2019.12.6.EMG.DLY.FTB.UO.VS.UTAH.FH-10.jpg

Both teams linne up pre snap. Oregon Ducks football takes on Utah for the Pac 12 Championship game at Levi's Stadium in Santa Clara, Calif. on Dec. 6, 2019. (DL Young/Emerald)

I’ve seen what the virus does to people. I have firsthand experience. 

On a Tuesday in July amidst the pandemic, my dad, who spends countless hours balancing two jobs, began to feel ill. My family and I immediately went into denial, “He doesn’t have it. He’s ok. He always gets sick around this time. It can’t be him.” After the nervousness and anxiety from my mom grew larger on her face, and the tiredness and weakness overwhelmed my dad's body, he finally went to get tested. And within 72 hours he got the results. 

Positive.

Then, behind my parents white bedroom door, my dad began his 14 day battle. Fourteen days of no sense of smell or taste. Fourteen days of lethargy, but being unable to sleep. Fourteen days of being scared to sleep, because he feared that he wouldn’t wake up. 

This virus is not a joke. It doesn't care which side you're on, who you are or where you come from. It attacks everyone, and it demands to be taken seriously. That’s why the Pac-12 made the safe and right decision to postpone the season and perhaps save athletes from catastrophe.   

I understand that these athletes, more or less, have one shot to display their talents to professional scouts for a chance to play at the next level. COVID-19 has, now, changed the entire playing field for these athletes.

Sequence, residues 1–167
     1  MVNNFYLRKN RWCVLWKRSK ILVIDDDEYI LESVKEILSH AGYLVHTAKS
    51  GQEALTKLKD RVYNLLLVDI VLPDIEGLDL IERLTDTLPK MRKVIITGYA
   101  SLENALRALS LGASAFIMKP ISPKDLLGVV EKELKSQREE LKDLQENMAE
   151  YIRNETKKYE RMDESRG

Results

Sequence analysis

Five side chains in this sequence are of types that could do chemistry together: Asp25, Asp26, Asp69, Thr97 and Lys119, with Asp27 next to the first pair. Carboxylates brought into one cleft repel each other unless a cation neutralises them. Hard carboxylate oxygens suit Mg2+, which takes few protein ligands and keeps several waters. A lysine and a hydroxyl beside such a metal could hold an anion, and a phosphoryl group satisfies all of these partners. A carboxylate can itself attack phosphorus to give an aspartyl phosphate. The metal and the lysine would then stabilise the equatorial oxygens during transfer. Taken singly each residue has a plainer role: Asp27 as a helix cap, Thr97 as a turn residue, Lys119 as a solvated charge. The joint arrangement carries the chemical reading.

After being out of work for at least two weeks my dad returned, but faced the aftermath of contracting the virus. Following his first day back he almost had to drive himself to the hospital because his lungs felt like they were resting on a bed of nails. His sense of smell still comes and goes, but fears that more side effects could follow. 

What about the athletes? What will happen when they contract the virus and have to recover? Especially football players. You expect them to play two seasons within six months? One season  is already extremely taxing on your body. 

Pac-12 commissioner Larry Scott needs to give the athletes what they want. He needs to give them a third party testing site, guaranteed safety and an option to opt out of the season. He, and the rest of the higher ups, aren't playing or risking their lives, but are just reaping the benefits.

Gabriel Ornelas is the Sports editor. Previously, he was a sports reporter covering everything from football to women's beach volleyball. Ornelas is a senior from Bakersfield, California, and is pursuing a journalism degree.